40. Ah, that’s the way I purl, also, Petra. With my index finger, I just pull the yarn down, and catch it with my needle.

    And I don’t actually put the yarn behind the needle when I knit. I lay the yarn on the needle, behind (to the right of) my work, so the needle point holds the yarn for me to quickly pick up, without having to reach behind the needle and wrap it to pick it up.

    Knitting and purling in that way seems to make the fewest movements for me, traveling the smallest distance, making it work very quickly, and it lays nice and flat, but I’ve never seen another knitter keep their yarn on their needle in this way, and have wondered why. My mother taught me this years ago.

  41. Thank you for posting this “lesson” !! It arrived at exactly the time I needed it. I spent all day trying to get the hang of it – and I believe I have it now! My stitches are not uniform in tension, I guess that will come with more practice. I was speeding along and ended up knitting the vest longer than the pattern called. (oh well :D)

  42. Thanks for a simple illustration and instructions. I am now a convert. For those years long breaks from knitting, I would need this video to remind me of how it is

  43. When I was a young girl, my mom taught me how to pick, only there was a “twist” to her technique. Later, my LYS “corrected” this way of knitting and I became a thrower. I was very happy with the look of my knitting and my tension was beautiful. But I had a hard time leaving my old way of picking and taught myself again to pick correctly, without the twist. Then I developed carpal tunnel and had to go back to throwing. Then I yearned for speed again after my hand healed and have gone back to picking. To make a long story a tad shorter, I guess I am “bi” and find it useful knowing both ways. For instance, I find it easer to do socks using the throwing technique. So there are definite advantages to knowing both ways, especially when you do a norwegian!

  44. I’m a “pickin and a grinin” now! I have a beautiful sweater wrap pattern that I’be been wanting to start, but the thought of “throwing” it was overwhelming. Not anymore! Thanks for the video. There will be many friends gettting dish clothes for Christmas this year as I practice. Kat

  45. Going to make the washclothes so that I will get the continental way down I am have several projects that have taken so long because I “throw” the yarn. I am excited about learning the new way. Thanks for the video!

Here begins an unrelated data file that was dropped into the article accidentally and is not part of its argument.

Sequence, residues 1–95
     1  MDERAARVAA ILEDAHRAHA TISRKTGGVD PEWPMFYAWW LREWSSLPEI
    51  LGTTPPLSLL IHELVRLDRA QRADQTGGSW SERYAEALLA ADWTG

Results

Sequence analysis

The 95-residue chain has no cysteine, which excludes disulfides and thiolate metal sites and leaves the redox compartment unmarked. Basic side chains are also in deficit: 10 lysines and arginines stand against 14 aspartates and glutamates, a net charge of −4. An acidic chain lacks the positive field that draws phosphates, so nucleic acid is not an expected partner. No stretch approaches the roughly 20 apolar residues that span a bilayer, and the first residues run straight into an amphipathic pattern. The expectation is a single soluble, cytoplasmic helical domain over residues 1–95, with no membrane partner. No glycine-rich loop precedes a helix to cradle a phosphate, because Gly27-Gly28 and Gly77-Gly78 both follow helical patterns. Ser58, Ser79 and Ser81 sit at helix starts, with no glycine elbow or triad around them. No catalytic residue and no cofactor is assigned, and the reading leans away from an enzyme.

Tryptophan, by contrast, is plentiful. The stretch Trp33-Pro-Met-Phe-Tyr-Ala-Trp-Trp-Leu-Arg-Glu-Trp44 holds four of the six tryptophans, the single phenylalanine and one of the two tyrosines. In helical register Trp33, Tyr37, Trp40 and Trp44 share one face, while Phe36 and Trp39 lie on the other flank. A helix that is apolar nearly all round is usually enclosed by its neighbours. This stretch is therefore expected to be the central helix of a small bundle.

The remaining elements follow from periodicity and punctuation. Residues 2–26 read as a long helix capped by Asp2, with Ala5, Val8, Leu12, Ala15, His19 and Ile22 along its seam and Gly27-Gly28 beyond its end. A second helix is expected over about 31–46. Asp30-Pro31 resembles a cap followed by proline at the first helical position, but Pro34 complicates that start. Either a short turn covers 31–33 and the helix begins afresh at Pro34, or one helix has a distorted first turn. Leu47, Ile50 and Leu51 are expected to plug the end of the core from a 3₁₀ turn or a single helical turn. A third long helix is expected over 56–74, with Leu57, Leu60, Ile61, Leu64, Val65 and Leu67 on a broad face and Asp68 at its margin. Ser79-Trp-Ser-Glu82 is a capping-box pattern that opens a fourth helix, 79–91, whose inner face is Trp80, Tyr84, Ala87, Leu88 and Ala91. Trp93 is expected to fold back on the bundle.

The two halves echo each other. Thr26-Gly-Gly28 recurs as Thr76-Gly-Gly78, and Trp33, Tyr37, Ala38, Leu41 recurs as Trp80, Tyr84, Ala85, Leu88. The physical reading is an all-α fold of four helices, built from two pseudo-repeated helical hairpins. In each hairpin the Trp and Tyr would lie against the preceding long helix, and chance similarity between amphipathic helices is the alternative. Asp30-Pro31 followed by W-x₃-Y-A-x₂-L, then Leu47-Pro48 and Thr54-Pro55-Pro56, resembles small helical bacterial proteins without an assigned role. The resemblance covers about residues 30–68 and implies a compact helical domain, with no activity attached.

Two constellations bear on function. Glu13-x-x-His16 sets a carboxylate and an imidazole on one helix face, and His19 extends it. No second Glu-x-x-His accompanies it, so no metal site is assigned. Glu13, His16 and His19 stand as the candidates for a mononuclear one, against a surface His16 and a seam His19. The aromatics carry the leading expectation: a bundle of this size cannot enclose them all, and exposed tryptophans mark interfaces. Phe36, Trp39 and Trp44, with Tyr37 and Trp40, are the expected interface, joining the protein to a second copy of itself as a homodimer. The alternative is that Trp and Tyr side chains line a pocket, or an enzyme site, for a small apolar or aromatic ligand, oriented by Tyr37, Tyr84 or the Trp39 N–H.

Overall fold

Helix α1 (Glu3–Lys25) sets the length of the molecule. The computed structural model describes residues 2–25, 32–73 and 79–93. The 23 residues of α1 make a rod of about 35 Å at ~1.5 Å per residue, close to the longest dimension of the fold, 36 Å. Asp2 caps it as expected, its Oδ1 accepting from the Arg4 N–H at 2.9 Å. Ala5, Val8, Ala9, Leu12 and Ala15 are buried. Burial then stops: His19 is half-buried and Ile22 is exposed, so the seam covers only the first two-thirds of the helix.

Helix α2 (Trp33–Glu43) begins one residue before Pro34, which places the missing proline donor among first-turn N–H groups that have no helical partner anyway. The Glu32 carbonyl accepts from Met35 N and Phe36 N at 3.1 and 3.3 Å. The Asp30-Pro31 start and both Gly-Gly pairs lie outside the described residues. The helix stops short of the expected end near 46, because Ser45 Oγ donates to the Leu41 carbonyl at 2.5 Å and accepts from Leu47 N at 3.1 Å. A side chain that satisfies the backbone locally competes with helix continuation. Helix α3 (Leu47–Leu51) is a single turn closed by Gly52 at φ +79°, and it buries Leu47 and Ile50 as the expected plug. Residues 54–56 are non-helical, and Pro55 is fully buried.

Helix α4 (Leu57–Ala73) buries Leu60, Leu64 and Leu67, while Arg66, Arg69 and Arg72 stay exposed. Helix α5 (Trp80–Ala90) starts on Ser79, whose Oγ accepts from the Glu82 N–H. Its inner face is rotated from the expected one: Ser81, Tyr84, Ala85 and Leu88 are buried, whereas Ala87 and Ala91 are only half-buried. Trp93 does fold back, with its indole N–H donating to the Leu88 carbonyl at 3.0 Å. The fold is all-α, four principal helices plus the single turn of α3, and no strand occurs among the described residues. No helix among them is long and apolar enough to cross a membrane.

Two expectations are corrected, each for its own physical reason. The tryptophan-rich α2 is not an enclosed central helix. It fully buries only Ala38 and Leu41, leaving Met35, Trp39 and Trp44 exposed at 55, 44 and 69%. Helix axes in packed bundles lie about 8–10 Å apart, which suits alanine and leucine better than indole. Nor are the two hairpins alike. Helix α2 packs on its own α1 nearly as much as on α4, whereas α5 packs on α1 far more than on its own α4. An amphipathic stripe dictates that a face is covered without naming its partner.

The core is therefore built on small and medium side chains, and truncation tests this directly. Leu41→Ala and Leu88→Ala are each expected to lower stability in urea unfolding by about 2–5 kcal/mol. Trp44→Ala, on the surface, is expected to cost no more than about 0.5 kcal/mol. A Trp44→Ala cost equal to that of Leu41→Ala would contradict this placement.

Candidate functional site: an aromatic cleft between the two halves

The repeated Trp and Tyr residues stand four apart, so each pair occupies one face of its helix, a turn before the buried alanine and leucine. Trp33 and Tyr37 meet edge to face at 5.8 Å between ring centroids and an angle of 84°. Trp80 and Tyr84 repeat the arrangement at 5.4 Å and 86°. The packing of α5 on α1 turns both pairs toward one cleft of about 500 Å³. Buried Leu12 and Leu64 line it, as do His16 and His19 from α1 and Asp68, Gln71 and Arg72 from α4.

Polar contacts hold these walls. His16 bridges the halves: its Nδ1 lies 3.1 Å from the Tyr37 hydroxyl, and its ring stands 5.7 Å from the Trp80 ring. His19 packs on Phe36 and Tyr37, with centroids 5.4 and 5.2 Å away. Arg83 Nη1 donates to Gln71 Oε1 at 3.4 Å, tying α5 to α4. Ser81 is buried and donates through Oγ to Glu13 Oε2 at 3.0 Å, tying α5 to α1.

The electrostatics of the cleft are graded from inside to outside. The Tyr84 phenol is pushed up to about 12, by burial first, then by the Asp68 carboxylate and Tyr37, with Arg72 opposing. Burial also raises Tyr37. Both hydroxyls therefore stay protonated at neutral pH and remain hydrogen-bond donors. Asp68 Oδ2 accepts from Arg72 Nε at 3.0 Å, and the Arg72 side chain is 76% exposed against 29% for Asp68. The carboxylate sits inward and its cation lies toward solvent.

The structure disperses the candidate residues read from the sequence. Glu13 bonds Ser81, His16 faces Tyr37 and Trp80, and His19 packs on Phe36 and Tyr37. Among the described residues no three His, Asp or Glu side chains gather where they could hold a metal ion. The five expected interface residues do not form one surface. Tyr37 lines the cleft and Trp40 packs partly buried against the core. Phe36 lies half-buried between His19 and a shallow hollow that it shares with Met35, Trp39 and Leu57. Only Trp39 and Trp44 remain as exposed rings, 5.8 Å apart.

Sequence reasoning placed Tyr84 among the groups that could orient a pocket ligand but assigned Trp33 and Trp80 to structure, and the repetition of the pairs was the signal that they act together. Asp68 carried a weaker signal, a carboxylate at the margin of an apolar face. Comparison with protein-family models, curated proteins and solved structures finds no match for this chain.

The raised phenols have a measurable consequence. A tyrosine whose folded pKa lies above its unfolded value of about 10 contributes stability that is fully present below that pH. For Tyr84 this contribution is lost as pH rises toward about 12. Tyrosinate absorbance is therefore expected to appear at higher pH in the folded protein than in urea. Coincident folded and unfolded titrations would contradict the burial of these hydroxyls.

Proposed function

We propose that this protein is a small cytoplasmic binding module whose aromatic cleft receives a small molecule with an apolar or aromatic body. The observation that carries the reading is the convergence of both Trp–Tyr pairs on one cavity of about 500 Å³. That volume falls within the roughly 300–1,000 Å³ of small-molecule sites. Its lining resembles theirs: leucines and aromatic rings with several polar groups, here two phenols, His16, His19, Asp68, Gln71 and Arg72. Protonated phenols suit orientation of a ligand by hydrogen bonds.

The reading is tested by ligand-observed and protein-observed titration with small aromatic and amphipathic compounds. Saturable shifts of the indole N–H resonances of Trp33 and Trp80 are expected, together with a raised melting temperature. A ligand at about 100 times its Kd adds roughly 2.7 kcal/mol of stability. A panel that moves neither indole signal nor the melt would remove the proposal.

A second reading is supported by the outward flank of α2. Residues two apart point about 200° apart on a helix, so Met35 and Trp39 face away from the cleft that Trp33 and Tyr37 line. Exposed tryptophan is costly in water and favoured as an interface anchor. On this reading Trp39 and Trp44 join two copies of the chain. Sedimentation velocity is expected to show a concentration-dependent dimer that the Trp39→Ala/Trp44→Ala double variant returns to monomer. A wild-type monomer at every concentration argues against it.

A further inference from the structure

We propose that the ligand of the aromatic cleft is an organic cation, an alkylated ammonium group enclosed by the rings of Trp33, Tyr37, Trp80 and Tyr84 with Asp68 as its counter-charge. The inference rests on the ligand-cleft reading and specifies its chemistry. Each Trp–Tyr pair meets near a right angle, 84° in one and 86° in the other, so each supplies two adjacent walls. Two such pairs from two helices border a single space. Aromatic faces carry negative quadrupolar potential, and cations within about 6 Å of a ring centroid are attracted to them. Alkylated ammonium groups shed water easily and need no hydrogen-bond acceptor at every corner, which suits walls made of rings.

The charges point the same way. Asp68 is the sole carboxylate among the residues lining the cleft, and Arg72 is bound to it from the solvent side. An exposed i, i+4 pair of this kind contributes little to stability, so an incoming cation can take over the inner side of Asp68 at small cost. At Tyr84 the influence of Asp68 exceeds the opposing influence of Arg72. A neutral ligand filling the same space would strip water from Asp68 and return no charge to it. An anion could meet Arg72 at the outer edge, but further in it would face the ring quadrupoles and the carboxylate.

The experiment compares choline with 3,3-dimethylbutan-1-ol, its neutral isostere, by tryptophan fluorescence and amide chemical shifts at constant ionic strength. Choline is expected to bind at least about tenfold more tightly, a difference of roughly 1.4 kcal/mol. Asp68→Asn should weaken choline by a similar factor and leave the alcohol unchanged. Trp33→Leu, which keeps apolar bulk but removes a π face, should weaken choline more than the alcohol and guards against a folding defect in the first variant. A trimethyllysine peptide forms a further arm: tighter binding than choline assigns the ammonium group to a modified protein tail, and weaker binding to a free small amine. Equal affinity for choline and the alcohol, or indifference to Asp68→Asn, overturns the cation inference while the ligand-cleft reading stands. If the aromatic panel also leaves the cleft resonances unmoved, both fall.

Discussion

46. Hi Kathleen,

    When I pick I do not wrap my yarn around my finger at all and the yarn just feeds through my fingers like fishing line. I also keep my finger in contact with the needle at all times and my right needle does all the work of picking the yarn. If you ever want to video my technique I would be happy to. My purl technique is hard for people to get but once they have it, it is super quick!

    See ya,

  47. I’m a leftie crocheter. So the yarn being guided by my right hand feels like second nature. But that means I’m a natural “thrower”. After watching the tutorial I thought I’d give it a try whilst knitting a sampler blanket (funny the tutorial came out the morning after finishing the square of seed stitch) I have to say it fell all kinds of weird the first time trying to pick. I am going to keep trying every night for at least 10 minutes till it feels more normal. If there are any lefties that are comfortable “pickers” please comment on how long it took you to “take to picking”/
    : )

  48. I learned how to crochet when I was 7 or so, but I didn’t figure out how to knit until I was 25, because it looked too hard. Maybe it was because I taught myself, maybe because it felt ‘awkward’. I tried continental knitting a few months ago (again, out of a book) because it looked like it should have been easier for a crocheter, but I was wrong. I wish I had learned it first. Hopefully this video will help. I did make the ‘Monks Travel Satchel’ this summer, and yes, seed stitch is tedious, but not enough to stop me!

  49. Watching this video has given me a different purl mechanics. it is lots easier than using your thumb to push the yarn forward. I think I may actually begin to enjoy purling while picking.